feel I've made all of my most pertinent comments on Burst
Angel's sound and visual effects in my review for Volume
2; if you haven't already, please feel free to read it.
Also take note of my reviews of Volumes 3,
animé sensation, Burst Angel, concludes this
month with the release of Volume 6: Guardian Angel. While
in previous volumes, the general "big bad" of the series
had been lurking in the background as the girls went off
on vaguely-related cases and missions, the last four episodes
sees it dragged bodily to the front of the action. And,
as I predicted in my review of Volume 5, most of the hanging
plot points are displayed and tied up in short order.
opening episode kicks off the big changes for this volume
– and with it comes the realisation that this final disc
will be devoted entirely to wrapping the series up and won't
follow the episodic pattern established in previous volumes.
In fact, they can't really be called "episodes"; there's
no gap in the narrative and they can be easily watched back-to-back
as a kind of movie. Star Trek: Deep Space Nine's
ten-part series finalé did things in much the same
big changes, by the way, is the total shake-up of the status
quo. Before, we knew where everyone stood: Sei, a member
of the Bai Lan syndicate, was sent to set up a group of
mercenaries in order to study the "glowing brains" phenomenon
(where mysterious cybots were being equipped with advanced
neural technology and sent to run riot in Tokyo). She and
her group – now consisting of stoic Jo, excitable Meg and
computer-whiz Amy – were also tasked with discovering the
true nature of Tokyo's radical new law enforcement brigade,
everything's turned on its head. Bai Lan has merged
with the shadowy organisation behind the glowing brains
and RAPT, meaning that the mercenaries' services
are no longer required. Jo, Meg and Amy (plus resident cook
Kyohei and mechanic Leo) and given their marching orders
by a reluctant Sei, who finds her loyalties brought into
question. She finally realises that she isn't the respected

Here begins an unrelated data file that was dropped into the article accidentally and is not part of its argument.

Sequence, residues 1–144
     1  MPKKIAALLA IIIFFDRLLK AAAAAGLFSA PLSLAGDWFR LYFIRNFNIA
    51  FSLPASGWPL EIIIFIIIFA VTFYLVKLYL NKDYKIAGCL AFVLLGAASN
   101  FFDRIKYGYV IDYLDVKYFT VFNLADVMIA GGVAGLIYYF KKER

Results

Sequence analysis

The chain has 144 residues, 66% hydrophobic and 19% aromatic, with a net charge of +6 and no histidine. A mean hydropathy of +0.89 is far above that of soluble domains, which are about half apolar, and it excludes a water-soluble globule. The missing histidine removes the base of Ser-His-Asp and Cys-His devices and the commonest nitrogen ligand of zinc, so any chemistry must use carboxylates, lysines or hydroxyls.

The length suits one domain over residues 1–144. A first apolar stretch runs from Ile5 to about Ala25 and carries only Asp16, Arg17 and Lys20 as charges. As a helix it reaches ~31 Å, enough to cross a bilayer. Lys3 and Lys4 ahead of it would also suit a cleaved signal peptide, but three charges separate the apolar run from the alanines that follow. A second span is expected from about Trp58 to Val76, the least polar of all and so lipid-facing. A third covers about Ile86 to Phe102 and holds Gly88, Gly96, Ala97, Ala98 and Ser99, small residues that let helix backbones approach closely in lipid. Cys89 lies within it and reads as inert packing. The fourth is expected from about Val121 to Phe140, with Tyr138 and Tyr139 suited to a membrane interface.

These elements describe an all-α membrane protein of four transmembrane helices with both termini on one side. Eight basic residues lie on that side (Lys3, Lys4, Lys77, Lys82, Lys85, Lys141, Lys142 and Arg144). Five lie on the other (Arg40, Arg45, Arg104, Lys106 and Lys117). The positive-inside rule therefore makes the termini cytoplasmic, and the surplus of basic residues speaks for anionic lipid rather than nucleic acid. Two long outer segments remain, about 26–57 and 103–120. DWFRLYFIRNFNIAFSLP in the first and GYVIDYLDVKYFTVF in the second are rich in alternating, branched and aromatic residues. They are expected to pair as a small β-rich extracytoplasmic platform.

leader that she thought she was – she's just a minor player
in a huge organisation, and in turn, in a plot to take over
final four episodes – 21-24 of 24 – are as follows:
"Bullets in the Iron Grave Post"
Sei's given the order to disband the mercenary group,
which she does while reminiscing about how she found each
of its members. A creature living in a subway is subdued,
thanks to Jo's last-minute help – but was this all a plot
to lure her into the open?
The full details of what Jo is and where she comes from
is finally revealed – and the origins of her arch-rival
Maria are very similar. Unsurprisingly, fighting is the
key to knowing everything.
"Execution Ground on the Red Seas"
Maria takes Jo to an isolated submarine in order to
decide who's the best, once and for all.
Sei and Jo decide to take on RAPT at its highest levels,
and with Takane returning from Osaka to help them, the stage
is set for the final battle.
first thing the volume wraps up is Jo's origin story. The
previous episodes dealing with this plot thread had suggested
a number of explanations: she's an actual angel (as in the
title) from heaven or hell; she's an alien who crash-landed;
she's some sort of supernatural fighting force. But the
answer that I settled upon when I saw episode 14 – which
tells of how Jo met Meg – wasn't entirely derived from the
series. Rather, it was deduced from the most common element
linking many animé series that I've reviewed this
year: morally suspect genetic experiments and cloning technology
that has created a fighting force of enhanced "war machines"
– all of which, of course, happen to be scantily-clad teenage
it wasn't surprising that this was the answer behind Jo's